You may recall for the past several offseasons that I ran an article series called The Optimist’s/Pessimist’s Take. I used it to explore different issues and topics the Pittsburgh Steelers were facing and took a positive or negative approach, examining each side in a separate article. This is essentially the same idea behind that, only condensed into one article for every topic.
In this version of the idea, I’ll be playing the Devil’s Advocate for both sides of the issue, looking at the best-case and worst-case scenarios in trying to find the range of likely outcomes of what is likely to happen for the Steelers relating to whatever topic the article is covering.
When it comes to the process of trying to construct a championship roster, the reality is that there are a ton of moving parts, and several ways to acquire said parts. There are a lot of things that can go right or wrong in not always predictable ways, so I think it’s helpful to try to look at issues by seeking out the boundaries of the likely positive or negative results.
Topic: Is Jordan Berry going to be the long-term solution at the punter position?
It has been a long, long, long time since the Steelers have had any semblance of stability at the punter position. Their current punter, Jordan Berry, is the first to even make it beyond one full season in years, and you would have to go back comfortably over a decade to find their last long-term solution.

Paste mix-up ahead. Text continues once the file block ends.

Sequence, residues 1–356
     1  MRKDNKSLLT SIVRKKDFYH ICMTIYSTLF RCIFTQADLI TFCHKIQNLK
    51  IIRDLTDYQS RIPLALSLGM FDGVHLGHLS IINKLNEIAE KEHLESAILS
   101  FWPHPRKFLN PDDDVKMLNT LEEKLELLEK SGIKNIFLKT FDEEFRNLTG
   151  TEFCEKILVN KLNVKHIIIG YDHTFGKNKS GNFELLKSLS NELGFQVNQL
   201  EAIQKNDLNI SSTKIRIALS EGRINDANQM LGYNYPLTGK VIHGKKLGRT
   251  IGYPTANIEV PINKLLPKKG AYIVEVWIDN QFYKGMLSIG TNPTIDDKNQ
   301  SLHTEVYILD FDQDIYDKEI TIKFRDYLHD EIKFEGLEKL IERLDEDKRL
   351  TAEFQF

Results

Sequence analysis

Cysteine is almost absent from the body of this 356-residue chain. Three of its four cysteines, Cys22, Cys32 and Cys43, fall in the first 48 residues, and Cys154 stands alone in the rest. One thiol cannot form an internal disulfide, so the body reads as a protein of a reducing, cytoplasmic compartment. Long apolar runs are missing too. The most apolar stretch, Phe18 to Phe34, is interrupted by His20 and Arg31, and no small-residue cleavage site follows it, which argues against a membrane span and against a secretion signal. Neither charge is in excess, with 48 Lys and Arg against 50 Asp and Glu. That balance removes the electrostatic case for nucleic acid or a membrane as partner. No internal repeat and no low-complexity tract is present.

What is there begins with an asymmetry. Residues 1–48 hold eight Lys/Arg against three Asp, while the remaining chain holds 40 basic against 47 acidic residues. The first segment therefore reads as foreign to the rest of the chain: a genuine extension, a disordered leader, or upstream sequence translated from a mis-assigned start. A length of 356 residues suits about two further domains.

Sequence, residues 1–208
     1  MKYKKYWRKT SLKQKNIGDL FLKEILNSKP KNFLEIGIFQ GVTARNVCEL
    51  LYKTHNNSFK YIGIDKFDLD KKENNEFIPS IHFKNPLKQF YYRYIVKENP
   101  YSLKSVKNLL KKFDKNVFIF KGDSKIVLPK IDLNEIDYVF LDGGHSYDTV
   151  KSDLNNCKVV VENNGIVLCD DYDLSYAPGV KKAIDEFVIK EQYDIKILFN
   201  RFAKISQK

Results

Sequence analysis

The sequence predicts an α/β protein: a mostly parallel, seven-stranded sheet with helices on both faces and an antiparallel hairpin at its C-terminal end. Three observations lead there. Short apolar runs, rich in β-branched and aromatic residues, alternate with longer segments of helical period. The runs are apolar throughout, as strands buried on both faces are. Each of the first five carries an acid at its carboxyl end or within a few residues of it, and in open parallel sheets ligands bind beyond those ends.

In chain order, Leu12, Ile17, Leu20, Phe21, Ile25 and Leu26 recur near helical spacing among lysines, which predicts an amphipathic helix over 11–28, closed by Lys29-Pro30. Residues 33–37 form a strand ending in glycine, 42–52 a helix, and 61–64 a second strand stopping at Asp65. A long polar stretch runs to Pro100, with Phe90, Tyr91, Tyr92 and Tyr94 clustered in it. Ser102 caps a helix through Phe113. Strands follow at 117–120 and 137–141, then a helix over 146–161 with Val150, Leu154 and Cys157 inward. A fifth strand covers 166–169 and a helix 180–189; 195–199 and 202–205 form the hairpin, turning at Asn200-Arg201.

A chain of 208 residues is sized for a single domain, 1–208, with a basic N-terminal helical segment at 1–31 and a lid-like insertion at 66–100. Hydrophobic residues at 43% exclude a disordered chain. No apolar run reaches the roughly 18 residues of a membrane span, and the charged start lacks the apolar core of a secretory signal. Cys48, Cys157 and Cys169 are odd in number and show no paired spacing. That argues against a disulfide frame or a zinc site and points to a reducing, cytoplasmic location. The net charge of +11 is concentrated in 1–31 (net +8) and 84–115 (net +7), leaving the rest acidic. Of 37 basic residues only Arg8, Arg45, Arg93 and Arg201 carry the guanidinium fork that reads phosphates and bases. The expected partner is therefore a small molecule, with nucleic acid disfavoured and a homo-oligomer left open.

That would be Josh Miller, who punted for the Steelers from 1996 through 2003, eight seasons being the longest that anybody has punted in Pittsburgh since Bobby Walden from 1969 to 1978.
The last time they took a real stab at finding their answer was in 2007 when they used a fourth-round pick—that they traded up for—to select Daniel Sepulveda. But he only lasted five seasons, and that through multiple serious injuries that ended his career. His 43.7-yard average is the second best in team history amount punters with at least 200 punts.
It would be fair to point out, however, that Berry through two seasons is averaging 44.2 yards per punt on 127 punts, the third-most in team history among those with at least 100 punts. He averaged a very respectable 45.6 yards per punt this past year.
But though his 40.2-yard net average was an improvement over his first season, it was still average among today’s punters, ranking 16th. Brad Wing, their previous punter from 2014, finished 10th with a 40.9-yard net average.
To be fair, everybody from 10th to 18th finished within a yard of each other. Even the sixth-best average was within a yard and a half of Berry’s, but over 60-plus punts, that adds up. Only one punter averaged at least 45 yards.
One also has to consider that Berry did have one punt blocked, and only two punters ahead of him did, so that can skew the numbers a bit.
Still, he did not make as much progress from year one to year two as I and many others were expecting. He still needs to work on his hang time. He doesn’t hit punts as deep as he should when he has a long field to work with. His directional punting has improved, but still must get better. Will he show that improvement, and the signs of being the long-term answer, in 2017?
Which side do you lean closer toward?